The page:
Neurological care in England criticised by MPs’ report

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Posted 26/02/2016 By: Julie Crossley

Health services for people with neurological conditions in England are not good enough, says a report from a committee of MPs. It criticises poorly co-ordinated local services, patchy hospital care and long delays in diagnosing conditions like Parkinson’s disease and epilepsy. More than four million people have a neurological condition but few have a care plan, the report says. The Department of Health said it would consider the recommendations.

The MPs say their report should be taken as a wake-up call, to improve services for what can be devastating or even fatal conditions. They describe the impact of disparities, for example, in epilepsy care. In south-west Lincolnshire nearly nine out of ten patients were seizure-free for 12 months, while in Hull and north Manchester it was fewer than five out of ten.

The report recommends that NHS England find a way of tackling the problem of variation in services and explain how it will offer everyone with a long-term condition a personalised care plan. It also urges NHS England to make better use of the 650 consultant neurologists in England, as well as other specialist nurses, to improve access to care for patients.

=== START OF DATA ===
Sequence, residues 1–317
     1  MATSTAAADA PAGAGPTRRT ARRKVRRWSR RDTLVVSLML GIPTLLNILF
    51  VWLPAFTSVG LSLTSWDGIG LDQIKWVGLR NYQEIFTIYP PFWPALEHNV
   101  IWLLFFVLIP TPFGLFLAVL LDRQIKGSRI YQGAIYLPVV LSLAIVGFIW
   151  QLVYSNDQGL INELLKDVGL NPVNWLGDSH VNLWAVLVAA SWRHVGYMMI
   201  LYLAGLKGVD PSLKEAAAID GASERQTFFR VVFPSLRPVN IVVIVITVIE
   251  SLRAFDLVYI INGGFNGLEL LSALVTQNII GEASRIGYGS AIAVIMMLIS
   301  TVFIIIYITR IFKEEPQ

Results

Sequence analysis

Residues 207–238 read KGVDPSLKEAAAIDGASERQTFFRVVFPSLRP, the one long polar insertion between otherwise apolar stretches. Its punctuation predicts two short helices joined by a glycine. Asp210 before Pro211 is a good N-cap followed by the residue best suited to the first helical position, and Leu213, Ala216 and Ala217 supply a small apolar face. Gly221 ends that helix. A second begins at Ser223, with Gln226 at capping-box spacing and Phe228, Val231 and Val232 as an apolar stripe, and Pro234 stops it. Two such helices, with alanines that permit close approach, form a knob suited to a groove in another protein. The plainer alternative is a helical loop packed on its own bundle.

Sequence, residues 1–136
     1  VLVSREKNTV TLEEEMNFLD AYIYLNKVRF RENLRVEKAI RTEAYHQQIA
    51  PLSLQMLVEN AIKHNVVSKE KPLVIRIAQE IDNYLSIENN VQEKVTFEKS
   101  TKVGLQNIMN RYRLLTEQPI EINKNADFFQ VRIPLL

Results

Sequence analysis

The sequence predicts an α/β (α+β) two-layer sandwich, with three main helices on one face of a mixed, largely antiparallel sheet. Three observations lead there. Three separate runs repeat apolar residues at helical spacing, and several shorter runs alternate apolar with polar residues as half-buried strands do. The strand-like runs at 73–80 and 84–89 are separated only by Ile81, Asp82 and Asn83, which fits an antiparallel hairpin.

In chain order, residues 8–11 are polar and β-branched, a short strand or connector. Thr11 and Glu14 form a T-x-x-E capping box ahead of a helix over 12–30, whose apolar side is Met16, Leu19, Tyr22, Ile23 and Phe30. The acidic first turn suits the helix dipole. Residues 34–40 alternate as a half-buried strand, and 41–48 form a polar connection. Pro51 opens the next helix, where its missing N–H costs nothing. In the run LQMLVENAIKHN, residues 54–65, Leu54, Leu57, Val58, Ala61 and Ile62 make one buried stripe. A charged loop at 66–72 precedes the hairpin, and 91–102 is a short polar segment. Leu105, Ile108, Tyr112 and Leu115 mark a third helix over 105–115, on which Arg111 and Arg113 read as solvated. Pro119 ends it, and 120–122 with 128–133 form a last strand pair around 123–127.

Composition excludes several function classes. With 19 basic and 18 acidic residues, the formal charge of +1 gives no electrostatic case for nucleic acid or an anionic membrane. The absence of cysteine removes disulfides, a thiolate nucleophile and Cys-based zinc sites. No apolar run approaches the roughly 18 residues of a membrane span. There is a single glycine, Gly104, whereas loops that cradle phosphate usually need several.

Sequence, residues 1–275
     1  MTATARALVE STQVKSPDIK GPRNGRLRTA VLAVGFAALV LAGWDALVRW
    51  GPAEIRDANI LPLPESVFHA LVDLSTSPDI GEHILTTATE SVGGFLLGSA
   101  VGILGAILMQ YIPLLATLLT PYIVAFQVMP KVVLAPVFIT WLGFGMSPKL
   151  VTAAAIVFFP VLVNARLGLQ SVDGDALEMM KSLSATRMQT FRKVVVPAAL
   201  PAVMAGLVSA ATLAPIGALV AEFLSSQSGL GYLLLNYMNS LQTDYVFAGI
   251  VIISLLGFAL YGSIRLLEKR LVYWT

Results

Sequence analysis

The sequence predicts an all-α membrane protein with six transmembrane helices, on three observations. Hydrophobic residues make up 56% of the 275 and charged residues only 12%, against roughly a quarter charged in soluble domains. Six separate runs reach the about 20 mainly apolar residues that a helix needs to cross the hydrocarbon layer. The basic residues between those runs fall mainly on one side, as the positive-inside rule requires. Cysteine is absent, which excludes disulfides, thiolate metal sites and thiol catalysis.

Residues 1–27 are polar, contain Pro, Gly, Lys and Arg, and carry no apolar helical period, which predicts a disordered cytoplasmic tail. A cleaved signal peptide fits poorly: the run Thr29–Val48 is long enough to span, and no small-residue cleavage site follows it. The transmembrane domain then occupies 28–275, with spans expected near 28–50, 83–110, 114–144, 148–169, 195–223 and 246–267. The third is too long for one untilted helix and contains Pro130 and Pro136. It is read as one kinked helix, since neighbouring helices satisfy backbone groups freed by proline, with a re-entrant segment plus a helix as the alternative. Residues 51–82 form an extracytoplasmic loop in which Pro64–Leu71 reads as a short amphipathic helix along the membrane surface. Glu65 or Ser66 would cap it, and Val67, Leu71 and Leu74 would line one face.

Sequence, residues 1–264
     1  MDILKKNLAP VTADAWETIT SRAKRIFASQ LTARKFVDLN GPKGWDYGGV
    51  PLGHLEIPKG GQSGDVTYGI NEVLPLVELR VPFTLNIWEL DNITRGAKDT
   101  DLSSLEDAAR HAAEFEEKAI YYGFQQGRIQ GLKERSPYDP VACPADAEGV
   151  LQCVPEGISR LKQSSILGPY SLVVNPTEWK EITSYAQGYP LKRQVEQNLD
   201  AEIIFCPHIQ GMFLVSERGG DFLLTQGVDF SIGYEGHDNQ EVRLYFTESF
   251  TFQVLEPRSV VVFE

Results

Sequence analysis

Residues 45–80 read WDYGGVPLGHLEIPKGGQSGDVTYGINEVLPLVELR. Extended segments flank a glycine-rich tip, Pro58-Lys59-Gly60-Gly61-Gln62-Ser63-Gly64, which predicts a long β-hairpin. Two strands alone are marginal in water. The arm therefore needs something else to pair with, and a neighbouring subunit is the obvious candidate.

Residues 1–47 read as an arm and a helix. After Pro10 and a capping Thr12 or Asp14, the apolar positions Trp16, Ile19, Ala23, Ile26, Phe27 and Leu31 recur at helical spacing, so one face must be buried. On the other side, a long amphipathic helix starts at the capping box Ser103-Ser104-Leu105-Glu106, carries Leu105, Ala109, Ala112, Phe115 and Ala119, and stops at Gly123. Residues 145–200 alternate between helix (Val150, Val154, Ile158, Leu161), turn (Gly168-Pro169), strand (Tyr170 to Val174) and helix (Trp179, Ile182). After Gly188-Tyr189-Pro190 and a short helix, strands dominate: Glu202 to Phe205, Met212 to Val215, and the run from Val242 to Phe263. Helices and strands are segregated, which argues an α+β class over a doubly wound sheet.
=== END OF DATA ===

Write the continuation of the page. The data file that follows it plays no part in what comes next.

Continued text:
Although some progress has been made since a previous report in 2012 made recommendations aimed at improving neurological services in England, the report said changes have “not yet led to improvements in services and outcomes for patients”. The committee says it is concerned that neurological conditions are “not a priority” for the Department of Health and NHS England.

A Department of Health spokesman said it was committed to giving patients with neurological conditions the very best care, regardless of where they lived. “We spend over £3bn every year on neurological services, we have set up a new children’s national epilepsy service and we are making sure patients with progressive neurological diseases can access the latest technology to help them communicate. But we know that more can be done and, along with NHS England, we will consider these recommendations and respond in due course.”

Julie Crossley, a medical injury lawyer at Ashtons Legal, comments: “It is crucial that diagnosis of these sometimes life changing diseases is made at the earliest possible time to allow patients to get early intervention which may in some circumstances stem their symptoms and offer them a better quality of life. Once diagnosed, support is vital to both the patient and their families. Delays can lead to avoidable litigation which only adds further distress.”


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